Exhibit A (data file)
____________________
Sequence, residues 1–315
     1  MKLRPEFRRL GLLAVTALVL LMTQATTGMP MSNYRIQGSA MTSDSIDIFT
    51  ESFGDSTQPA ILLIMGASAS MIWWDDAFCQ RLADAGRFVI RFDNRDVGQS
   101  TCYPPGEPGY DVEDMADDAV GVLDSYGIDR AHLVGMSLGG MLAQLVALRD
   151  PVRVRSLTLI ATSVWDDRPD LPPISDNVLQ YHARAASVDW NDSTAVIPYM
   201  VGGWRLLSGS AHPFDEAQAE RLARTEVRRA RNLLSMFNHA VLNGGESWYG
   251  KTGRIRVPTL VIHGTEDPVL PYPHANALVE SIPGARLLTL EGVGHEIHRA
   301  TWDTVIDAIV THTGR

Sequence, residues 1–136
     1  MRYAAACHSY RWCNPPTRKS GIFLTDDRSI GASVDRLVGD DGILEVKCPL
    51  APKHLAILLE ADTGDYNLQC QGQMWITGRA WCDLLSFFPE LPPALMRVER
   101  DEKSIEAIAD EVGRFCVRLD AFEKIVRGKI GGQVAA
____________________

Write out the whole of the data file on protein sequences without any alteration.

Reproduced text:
Sequence, residues 1–315
     1  MKLRPEFRRL GLLAVTALVL LMTQATTGMP MSNYRIQGSA MTSDSIDIFT
    51  ESFGDSTQPA ILLIMGASAS MIWWDDAFCQ RLADAGRFVI RFDNRDVGQS
   101  TCYPPGEPGY DVEDMADDAV GVLDSYGIDR AHLVGMSLGG MLAQLVALRD
   151  PVRVRSLTLI ATSVWDDRPD LPPISDNVLQ YHARAASVDW NDSTAVIPYM
   201  VGGWRLLSGS AHPFDEAQAE RLARTEVRRA RNLLSMFNHA VLNGGESWYG
   251  KTGRIRVPTL VIHGTEDPVL PYPHANALVE SIPGARLLTL EGVGHEIHRA
   301  TWDTVIDAIV THTGR

Sequence, residues 1–136
     1  MRYAAACHSY RWCNPPTRKS GIFLTDDRSI GASVDRLVGD DGILEVKCPL
    51  APKHLAILLE ADTGDYNLQC QGQMWITGRA WCDLLSFFPE LPPALMRVER
   101  DEKSIEAIAD EVGRFCVRLD AFEKIVRGKI GGQVAA